LEARNING TO BREATHE
Breathing is a natural occurring event in the body. We are often unaware of the rate and rhythm of our breathing, but some awareness of our breathing is important if we wish to successfully manage our stress. The following exercises will help you relax and harmonize your body.
Begin by lying on the floor or on a bed with your arms at your side and your legs uncrossed. A small pillow under your head or neck might help make you more comfortable. Close your eyes and begin breathing slowly, inhaling through the nose and exhaling through your mouth.
Now place one hand lightly on your lower abdomen. Concentrate on the movement of your abdomen as you breathe. Raise your hand upward with your abdomen as you inhale, letting your hand fall as you exhale.
Now breathe in slowly, and as you exhale, use your hand to push your breath out farther than you normally do. Imagine the air slowly filling your abdomen and emptying with a whoosh or sigh. Exhale at the same rate as you inhale.
Pause after each exhalation and don’t rush. Do this TEN TIMES.
This exercise is designed to harmonize your breathing and heart rate. Coordinating these two important rhythms brings an increased sense of well being.
As you inhale fully, count the beats of your pulse; this is your breathing number.
- Inhale to your number.
- Hold for one half of your number.
- Exhale to your number.
- Hold for one half your number.
Continue breathing this way for THREE MINUTES.
1) Stand up and stretch out your arms and hands to the ceiling. Lift yourself up on the tips of your toes and stretch as far as you can. Hold that stretch for a count of 10. Slowly release the stretch to a count of 10 and allow yourself to bend at the waist, like a rag doll. Hold this position for a count of 10.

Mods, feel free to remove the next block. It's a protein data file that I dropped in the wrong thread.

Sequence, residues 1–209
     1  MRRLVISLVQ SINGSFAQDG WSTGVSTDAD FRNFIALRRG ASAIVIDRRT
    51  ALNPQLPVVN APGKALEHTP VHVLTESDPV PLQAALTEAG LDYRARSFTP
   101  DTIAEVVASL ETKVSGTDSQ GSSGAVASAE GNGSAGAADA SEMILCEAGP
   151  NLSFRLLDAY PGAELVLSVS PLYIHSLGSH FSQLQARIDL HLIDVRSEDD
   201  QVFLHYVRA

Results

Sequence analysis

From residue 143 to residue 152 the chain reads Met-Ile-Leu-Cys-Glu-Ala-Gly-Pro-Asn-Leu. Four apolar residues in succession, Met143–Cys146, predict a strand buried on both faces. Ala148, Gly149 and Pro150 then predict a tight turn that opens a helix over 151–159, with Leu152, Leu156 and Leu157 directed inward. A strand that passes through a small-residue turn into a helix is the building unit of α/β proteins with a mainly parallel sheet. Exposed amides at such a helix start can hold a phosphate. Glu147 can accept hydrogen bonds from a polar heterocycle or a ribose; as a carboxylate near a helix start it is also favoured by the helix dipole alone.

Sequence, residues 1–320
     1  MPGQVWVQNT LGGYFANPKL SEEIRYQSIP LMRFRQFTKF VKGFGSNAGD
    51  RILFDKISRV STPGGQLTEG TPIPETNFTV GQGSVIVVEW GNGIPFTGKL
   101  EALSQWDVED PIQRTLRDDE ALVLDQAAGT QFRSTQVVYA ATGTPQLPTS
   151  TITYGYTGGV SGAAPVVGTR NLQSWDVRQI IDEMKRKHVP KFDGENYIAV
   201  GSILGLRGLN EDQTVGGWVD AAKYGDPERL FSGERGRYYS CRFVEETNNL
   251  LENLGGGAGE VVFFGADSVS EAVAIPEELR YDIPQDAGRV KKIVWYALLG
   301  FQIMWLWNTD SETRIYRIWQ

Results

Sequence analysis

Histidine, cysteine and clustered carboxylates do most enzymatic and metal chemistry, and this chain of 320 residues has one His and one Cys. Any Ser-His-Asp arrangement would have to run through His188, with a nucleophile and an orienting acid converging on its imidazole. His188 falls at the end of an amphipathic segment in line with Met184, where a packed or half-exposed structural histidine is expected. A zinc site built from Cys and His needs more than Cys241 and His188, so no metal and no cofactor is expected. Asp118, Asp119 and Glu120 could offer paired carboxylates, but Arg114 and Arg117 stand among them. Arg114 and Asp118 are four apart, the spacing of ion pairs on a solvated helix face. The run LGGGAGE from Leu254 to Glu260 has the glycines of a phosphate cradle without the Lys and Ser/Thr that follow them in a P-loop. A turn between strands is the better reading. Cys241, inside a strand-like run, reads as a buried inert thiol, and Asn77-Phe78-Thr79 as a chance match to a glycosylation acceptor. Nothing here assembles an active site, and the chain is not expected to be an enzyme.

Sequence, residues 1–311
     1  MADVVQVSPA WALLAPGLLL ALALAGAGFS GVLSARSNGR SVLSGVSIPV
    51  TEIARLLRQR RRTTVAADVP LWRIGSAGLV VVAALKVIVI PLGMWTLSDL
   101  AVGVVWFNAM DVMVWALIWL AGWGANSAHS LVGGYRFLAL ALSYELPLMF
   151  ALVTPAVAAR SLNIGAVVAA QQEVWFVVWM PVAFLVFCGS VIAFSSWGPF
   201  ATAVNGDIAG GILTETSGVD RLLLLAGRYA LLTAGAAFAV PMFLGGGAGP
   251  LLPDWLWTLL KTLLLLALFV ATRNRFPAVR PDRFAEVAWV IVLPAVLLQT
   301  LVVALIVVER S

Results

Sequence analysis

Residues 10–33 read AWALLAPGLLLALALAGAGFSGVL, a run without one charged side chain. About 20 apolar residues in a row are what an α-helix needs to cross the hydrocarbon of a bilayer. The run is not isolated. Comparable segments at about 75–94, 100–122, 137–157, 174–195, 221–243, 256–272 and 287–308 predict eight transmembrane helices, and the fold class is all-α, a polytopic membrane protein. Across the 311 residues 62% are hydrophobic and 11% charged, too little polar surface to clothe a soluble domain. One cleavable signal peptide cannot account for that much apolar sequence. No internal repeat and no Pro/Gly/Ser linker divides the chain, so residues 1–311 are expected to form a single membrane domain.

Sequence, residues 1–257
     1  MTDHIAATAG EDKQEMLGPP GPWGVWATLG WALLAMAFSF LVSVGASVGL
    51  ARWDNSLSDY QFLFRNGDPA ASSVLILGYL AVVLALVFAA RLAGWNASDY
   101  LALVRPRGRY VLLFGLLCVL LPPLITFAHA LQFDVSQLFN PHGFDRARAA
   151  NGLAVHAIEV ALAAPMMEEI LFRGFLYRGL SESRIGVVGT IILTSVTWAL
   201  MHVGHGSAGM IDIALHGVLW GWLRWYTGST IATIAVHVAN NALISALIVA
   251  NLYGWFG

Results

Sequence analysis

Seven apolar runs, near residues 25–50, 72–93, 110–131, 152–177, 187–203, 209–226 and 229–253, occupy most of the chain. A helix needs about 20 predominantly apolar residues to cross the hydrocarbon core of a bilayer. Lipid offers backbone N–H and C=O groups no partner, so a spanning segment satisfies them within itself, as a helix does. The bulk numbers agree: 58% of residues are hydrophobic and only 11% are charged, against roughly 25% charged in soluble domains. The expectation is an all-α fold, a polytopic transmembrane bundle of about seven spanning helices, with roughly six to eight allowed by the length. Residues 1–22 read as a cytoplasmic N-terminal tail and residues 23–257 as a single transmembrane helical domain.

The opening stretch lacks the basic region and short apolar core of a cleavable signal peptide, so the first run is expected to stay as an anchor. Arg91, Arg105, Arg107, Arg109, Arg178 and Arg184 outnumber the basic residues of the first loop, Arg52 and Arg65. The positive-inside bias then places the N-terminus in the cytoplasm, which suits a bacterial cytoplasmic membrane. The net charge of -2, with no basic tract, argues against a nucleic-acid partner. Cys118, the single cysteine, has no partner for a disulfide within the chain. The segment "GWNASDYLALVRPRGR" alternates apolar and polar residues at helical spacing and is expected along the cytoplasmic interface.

Gradually erect yourself, one vertebra at a time. Roll head from side to side. Roll shoulders forward then backwards. Roll arms in large circles, forwards then backwards.
2) Lie down on the floor. Roll yourself up into a ball. Wrap your arms around your knees and squeeze your whole body together as tightly as you can. Hold for a count of 10.
Gradually release the squeeze to a count of 10.
Repeat 2 or 3 times.
3) Lie on the floor or bed. Close your eyes. Relax your body as much as you can. Place one hand on your stomach and feel the rhythm of your breathing for a few moments.
Now inhale deeply, hold that breath for a count of 5, then slowly exhale. Feel how your inhale raises your hand on your stomach. Feel how your exhale lowers your hand on your stomach. Focus on the rise and fall of your hand.
Turn your attention to the warming sensations building in your hands and feet. Feel the tension in your shoulders and back give way.
Slowly open your eyes and allow your breathing to return to normal.
4) Sit on a pad or on a firm, but soft surface. Make sure that your back will not hit the hard floor. Draw up your knees, and bend your head down. Put your hands under your knees. You can join your hands or not depending on what is easy on you.
Keeping your spine rounded, gently swing back and forth, imitating the swinging motion of a rocking chair. Don’t straighten your spine as you will roll backward or you will find yourself lying flat on your back, unable to swing forward again. Don’t roll back too far on your neck. Don’t try doing the rocking exercise too slowly either. Imagine you are a rocking chair in motion. Feel for the massaging action on your spine.